Scientist is replacing part of a DNA molecule. Genetic engineering and gene manipulation concept.

Scientists have, for the first time, corrected a disease-causing mutation in early stage human embryos using gene editing.

The technique, which uses the CRISPR-Cas9 system, corrected the mutation for a heart condition at the earliest stage of embryonic development so that the defect would not be passed on to future generations.

The work, a collaboration between the Salk Institute, Oregon Health and Science University and Korea’s Institute for Basic Science, could pave the way for improved in vitro fertilization (IVF) techniques as well as eventual cures for some of the diseases caused by mutations in single genes.

Gene editing remains in its early stages of development but holds much promise, according to Juan Carlos Izpisua Belmonte, a professor in Salk’s Gene Expression Laboratory and a corresponding author on the paper outlining the development.

He said: “Thanks to advances in stem cell technologies and gene editing, we are finally starting to address disease-causing mutations that impact potentially millions of people.

“Gene editing is still in its infancy so even though this preliminary effort was found to be safe and effective, it is crucial that we continue to proceed with the utmost caution, paying the highest attention to ethical considerations.”

The work focused on hypertrophic cardiomyopathy (HCM), the most common cause of sudden death in otherwise healthy young athletes, which affects approximately one in 500 people overall.

It is caused by a dominant mutation in the MYBPC3 gene, but often goes undetected until it is too late. Since people with a mutant copy of the MYBPC3 gene have a 50% chance of passing it on to their own children, being able to correct the mutation in embryos would prevent the disease not only in affected children, but also in their descendants, say the researchers.

The researchers generated induced pluripotent stem cells from a skin biopsy donated by a male with HCM and developed a gene-editing strategy based on CRISPR-Cas9 that would specifically target the mutated copy of the MYBPC3 gene for repair.

Using IVF techniques, the researchers injected the best-performing gene-editing components into healthy donor eggs newly fertilised with the donor’s sperm.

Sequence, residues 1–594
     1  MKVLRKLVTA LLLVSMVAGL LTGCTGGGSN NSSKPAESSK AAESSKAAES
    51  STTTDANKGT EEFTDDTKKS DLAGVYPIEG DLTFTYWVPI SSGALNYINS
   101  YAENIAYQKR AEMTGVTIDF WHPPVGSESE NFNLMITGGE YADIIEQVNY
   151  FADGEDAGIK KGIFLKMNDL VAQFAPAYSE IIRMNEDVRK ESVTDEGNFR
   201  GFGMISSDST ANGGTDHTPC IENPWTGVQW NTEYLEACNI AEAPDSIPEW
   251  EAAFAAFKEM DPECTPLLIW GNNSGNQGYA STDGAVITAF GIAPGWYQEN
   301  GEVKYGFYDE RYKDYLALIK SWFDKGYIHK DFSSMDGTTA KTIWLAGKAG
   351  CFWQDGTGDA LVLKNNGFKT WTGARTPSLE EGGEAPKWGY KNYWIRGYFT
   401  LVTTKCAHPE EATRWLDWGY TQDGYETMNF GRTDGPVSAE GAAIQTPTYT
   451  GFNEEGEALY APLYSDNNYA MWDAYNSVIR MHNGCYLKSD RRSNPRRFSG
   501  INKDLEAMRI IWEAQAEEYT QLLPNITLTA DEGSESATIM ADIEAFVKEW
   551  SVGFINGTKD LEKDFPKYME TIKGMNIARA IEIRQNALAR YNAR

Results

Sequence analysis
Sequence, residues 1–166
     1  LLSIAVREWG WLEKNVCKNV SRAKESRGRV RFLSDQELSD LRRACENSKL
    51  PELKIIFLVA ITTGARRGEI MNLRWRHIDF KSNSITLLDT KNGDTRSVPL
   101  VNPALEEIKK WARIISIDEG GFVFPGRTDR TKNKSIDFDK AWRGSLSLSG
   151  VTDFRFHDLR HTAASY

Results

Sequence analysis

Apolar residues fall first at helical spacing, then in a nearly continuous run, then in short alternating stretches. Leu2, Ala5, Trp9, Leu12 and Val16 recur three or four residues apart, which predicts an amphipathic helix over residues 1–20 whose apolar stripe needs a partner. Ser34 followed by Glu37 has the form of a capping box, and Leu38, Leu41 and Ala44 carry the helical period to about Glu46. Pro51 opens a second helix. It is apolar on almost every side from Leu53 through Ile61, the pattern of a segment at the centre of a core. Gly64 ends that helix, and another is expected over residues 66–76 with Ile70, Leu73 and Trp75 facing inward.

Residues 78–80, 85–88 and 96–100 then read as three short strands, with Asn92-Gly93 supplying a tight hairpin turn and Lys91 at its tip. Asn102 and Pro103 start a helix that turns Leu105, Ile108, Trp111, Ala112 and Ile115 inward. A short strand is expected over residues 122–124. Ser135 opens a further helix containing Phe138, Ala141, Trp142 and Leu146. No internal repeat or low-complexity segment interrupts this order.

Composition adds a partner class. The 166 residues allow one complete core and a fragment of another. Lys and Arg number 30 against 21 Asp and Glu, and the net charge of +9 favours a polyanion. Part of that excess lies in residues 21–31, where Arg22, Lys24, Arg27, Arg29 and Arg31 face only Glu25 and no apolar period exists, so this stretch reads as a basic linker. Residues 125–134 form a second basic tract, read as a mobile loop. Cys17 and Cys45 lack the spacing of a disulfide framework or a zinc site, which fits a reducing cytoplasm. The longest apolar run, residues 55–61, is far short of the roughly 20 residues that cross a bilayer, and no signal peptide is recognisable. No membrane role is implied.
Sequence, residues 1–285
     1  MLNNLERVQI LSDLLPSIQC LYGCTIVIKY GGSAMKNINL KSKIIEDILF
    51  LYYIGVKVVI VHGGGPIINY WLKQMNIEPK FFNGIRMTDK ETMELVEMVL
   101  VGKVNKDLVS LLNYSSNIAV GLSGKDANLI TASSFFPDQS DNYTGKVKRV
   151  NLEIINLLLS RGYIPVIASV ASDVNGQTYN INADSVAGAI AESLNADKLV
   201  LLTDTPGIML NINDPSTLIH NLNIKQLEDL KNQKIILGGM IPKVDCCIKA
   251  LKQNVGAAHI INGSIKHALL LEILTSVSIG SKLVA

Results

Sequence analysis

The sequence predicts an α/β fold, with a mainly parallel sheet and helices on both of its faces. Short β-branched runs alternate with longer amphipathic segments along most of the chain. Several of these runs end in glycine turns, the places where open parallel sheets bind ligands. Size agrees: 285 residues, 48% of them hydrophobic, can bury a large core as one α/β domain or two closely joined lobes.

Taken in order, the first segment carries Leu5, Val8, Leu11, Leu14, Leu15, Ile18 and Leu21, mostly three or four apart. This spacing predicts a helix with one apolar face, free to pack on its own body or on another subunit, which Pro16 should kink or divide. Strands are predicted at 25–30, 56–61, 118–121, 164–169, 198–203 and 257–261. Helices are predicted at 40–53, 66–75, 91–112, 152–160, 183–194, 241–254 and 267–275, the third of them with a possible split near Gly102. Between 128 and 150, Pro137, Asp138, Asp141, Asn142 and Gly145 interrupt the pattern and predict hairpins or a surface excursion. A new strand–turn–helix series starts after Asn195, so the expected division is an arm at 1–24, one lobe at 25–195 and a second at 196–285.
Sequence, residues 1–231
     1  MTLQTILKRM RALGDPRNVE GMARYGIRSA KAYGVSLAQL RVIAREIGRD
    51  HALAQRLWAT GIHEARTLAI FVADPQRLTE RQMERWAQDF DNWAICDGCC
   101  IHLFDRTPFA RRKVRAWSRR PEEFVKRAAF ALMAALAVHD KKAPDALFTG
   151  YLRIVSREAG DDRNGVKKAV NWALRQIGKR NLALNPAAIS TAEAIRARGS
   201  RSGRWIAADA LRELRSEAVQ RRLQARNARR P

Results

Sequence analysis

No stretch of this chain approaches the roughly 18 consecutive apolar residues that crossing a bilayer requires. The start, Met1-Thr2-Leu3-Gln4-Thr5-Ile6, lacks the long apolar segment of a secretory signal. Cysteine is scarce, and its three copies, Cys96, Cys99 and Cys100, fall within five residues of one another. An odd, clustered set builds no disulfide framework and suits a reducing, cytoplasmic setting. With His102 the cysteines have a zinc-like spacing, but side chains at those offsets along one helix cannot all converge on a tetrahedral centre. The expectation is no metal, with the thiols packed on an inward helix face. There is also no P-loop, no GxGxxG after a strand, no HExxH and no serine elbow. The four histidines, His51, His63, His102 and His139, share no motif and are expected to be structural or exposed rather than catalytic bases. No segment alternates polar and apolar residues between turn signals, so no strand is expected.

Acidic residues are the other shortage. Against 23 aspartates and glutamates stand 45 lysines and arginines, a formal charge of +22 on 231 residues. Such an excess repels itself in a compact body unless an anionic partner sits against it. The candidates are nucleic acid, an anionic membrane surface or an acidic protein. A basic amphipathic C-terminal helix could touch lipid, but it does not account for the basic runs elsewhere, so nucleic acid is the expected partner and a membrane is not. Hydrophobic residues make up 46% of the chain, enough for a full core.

Not only were a high percentage of embryonic cells repaired, but also gene correction didn’t induce any detectable off-target mutations and genome instability—major concerns for gene editing.

Jun Wu, a Salk staff scientist and one of the paper’s authors, said: “Even though the success rate in patient cells cultured in a dish was low, we saw that the gene correction seems to be very robust in embryos of which one copy of the MYBPC3 gene is mutated.

“Our technology successfully repairs the disease-causing gene mutation by taking advantage of a DNA repair response unique to early embryos.”

The team emphasises that, although promising, these are preliminary results and more research will need to be done to ensure no unintended effects occur.

Juan Carlos Izpisua Belmonte said: “Our results demonstrate the great potential of embryonic gene editing, but we must continue to realistically assess the risks as well as the benefits.”

Future work will continue to assess the safety and effectiveness of the procedure and efficacy of the technique with other mutations.

The work was funded by Oregon Health and Science University, the Institute for Basic Science, the G. Harold and Leila Y. Mathers Charitable Foundation, the Moxie Foundation, the Leona M. and Harry B. Helmsley Charitable Trust and Shenzhen Municipal Government of China.